Camp LeJeune

Nat Fahy

Camp Lejeune in Jacksonville, North Carolina is one of the country’s largest Marine bases. But the man it’s named for, Lieutenant General John Archer Lejeune, pronounced his name "luh-JERN," differently from how most people say it now ---"luh-JUNE".

So there’s been a push to revive the “correct” pronunciation of the name. Camp Lejeune Public Affairs Director Nat Fahy says Gen. Lejeune revived the Marine Corps’ war-fighting doctrine by developing its amphibious mission, which proved instrumental in World War II.

The Marine base named in his honor opened in 1941, and Fahy says the pronunciation was correct for while. From his research, the "luh-JUNE" pronunciation caught on in the Vietnam era.

But now, thanks in part to the education efforts of the Lejeune family and a dedicated group of veterans, Fahy says he’s seeing a change. He spoke to WFAE host Duncan McFadyen.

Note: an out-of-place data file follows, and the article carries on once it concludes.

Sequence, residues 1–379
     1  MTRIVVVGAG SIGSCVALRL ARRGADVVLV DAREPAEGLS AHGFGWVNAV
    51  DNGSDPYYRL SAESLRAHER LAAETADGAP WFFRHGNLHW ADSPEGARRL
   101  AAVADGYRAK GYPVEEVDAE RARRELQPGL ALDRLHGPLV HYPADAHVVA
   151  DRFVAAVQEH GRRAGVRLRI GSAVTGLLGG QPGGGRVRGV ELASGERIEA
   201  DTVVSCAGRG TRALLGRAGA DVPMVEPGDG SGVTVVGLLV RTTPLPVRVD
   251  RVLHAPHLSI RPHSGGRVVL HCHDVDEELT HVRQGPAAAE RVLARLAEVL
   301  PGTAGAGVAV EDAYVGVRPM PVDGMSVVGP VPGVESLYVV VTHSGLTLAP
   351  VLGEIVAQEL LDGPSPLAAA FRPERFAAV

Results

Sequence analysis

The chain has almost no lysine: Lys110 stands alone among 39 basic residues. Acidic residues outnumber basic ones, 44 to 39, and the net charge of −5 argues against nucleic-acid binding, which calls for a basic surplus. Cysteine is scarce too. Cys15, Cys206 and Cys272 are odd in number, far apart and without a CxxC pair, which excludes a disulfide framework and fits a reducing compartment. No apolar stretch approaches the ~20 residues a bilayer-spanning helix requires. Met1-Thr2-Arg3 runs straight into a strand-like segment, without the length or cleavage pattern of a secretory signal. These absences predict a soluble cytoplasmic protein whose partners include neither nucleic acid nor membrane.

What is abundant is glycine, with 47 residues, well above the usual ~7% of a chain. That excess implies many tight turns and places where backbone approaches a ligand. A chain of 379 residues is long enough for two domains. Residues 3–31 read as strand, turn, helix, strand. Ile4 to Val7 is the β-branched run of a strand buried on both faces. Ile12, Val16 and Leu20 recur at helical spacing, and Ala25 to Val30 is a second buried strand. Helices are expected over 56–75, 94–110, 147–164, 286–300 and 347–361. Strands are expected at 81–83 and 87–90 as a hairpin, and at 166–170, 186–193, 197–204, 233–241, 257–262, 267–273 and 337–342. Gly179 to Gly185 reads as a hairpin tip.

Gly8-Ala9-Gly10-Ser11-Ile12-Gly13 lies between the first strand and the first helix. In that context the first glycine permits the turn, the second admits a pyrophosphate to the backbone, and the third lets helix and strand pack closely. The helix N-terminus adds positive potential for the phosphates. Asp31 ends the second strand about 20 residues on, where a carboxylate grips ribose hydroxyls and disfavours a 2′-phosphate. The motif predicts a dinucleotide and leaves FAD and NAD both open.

Jenn Durfey / Flickr/

A new North Carolina law could allow two water contamination lawsuits to go forward, after they were stymied by a U.S. Supreme Court decision earlier this month.

Louis Shackleton/Flickr

  It'll be a less explosive Fourth of July celebration at military bases in North Carolina this year. Two of the state's major military bases are cancelling fireworks due to budget cuts.

Fort Bragg has had a fireworks display for more than 30 years. It does them big and it does them loud.

More than 50,000 people from Fort Bragg and Fayetteville show up for the celebrations. The U.S. military lost more than 10 percent of its budget this year because of federal budget cuts and the policy known as sequestration. Fort Bragg spokesman Tom McCollum says it's unfortunate.

More than one million people were exposed over three decades to contaminated drinking water at Camp Lejeune, near Jacksonville. Victims suffering from birth defects and cancers will now have free health care thanks to federal legislation passed in congress this week and thanks to a veteran who refused to give up.